Early this year, the writer Ursula K. Le Guin looked on in dismay as Ammon Bundy and his “bullyboys” occupied the Malheur National Wildlife Refuge in southeastern Oregon. Le Guin had fallen in love with that hard country—with its high desert and the treeless basalt ridges of Steens Mountain—some 50 years ago, on a road trip. It was a difficult drive over gravel roads with young children in the backseat. But the landscape bowled her over. She’d never seen anything like it, yet it felt familiar.
“Now here comes the slightly woo-woo part of it,” Le Guin warned me as we sat on her porch in Portland on a warm afternoon in July. Recently, thumbing through a packet of family papers, she discovered that as an adolescent, her grandmother Phebe had helped her great-grandfather drive 350 head of cattle through the Black Rock Desert in Nevada and onto the eastern flank of Steens Mountain, where they’d homesteaded for several years in the 1870s. Perhaps Le Guin was drawn to the landscape by some primal sense, the way a salmon finds its river.
To much of America, Harney County was as unfamiliar as Gethen, the snowbound planet Le Guin created in her radical 1969 novel The Left Hand of Darkness. The Bundy event could itself have been a Le Guin tale: The rough peace of a strange desert in winter disturbed by the arrival of armed outsiders; a community fractured but kept from breaking fully apart by the good sense of the county sheriff, whom Le Guin described as her “hero.” The occupation raised many of the same questions Le Guin has asked throughout her career: about the meaning of freedom, and of belonging; about the value of the natural world; about humanity’s capacity for destruction, and for peacemaking.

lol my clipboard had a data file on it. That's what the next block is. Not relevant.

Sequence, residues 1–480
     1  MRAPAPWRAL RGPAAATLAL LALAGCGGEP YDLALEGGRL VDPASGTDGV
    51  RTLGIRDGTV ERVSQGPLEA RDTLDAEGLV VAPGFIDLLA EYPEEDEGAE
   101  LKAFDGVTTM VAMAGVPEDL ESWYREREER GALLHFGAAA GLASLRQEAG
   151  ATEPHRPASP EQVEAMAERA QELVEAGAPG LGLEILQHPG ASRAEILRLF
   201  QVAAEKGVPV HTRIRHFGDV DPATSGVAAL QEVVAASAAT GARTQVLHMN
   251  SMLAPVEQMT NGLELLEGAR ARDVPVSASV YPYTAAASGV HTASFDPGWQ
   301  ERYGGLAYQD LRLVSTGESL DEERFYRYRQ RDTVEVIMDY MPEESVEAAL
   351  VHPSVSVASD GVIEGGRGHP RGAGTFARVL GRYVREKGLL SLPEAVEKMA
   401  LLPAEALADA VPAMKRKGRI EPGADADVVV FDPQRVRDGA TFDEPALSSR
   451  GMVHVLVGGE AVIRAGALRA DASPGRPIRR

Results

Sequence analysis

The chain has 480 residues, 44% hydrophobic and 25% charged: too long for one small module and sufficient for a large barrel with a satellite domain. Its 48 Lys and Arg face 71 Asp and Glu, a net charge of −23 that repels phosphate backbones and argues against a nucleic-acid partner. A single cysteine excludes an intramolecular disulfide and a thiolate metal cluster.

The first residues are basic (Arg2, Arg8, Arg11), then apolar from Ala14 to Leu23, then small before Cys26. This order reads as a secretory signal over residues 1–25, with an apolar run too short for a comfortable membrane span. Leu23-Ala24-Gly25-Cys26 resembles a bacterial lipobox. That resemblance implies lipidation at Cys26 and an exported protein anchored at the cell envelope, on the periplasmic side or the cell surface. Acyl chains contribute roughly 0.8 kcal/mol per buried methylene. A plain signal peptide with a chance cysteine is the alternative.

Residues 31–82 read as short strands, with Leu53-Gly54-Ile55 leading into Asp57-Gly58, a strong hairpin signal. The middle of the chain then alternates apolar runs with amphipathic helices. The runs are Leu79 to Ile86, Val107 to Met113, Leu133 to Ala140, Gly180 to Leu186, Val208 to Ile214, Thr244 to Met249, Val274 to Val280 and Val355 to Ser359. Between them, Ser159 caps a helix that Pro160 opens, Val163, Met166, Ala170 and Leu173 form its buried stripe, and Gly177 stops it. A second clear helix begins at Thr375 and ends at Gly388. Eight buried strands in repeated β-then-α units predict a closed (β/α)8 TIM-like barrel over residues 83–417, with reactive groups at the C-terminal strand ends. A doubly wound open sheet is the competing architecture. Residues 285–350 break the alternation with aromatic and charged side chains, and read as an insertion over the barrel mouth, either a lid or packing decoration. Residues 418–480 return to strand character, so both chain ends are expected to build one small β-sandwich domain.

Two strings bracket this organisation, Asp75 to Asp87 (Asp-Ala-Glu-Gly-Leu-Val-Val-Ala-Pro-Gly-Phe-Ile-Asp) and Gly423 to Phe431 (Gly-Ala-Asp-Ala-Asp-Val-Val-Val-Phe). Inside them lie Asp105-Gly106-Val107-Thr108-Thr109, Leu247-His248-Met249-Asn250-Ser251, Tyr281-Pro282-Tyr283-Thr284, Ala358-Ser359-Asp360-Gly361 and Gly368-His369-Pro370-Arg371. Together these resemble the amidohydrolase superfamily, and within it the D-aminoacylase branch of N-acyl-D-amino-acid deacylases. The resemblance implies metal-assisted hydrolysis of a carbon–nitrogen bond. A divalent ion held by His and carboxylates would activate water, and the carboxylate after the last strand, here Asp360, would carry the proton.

Le Guin hasn’t been back to Harney County since the occupation. She’ll be 87 this month and doesn’t have the stamina for long trips, nor for much writing. She’s stopped writing fiction completely—a deep personal loss, as there’s nothing she likes better than “making up stories.” It’s a public loss, too. Le Guin is one of America’s most influential living writers, and one of literature’s most subversive and generous imaginations. Since receiving her first rejection letter at the age of 11 (from Astounding Science Fiction magazine), she’s published 10 story collections, six volumes of poetry, 13 children’s books, four translations, numerous essays, and 20 novels. Le Guin brought us to wizarding school (in the Earthsea series, published long before Harry Potter), to a dystopian Portland where one man’s dreams change reality (The Lathe of Heaven), to a planet where gender is unfixed and the king is pregnant (The Left Hand of Darkness), to a drought-stricken anarchist planet (The Dispossessed), to a postindustrial Napa Valley (Always Coming Home), and, most recently, to Bronze Age Italy (Lavinia). For Le Guin, “elsewhere” has always been a lens magnifying the vexations of our own time and place, including militarism, sexism, governance, and ecology.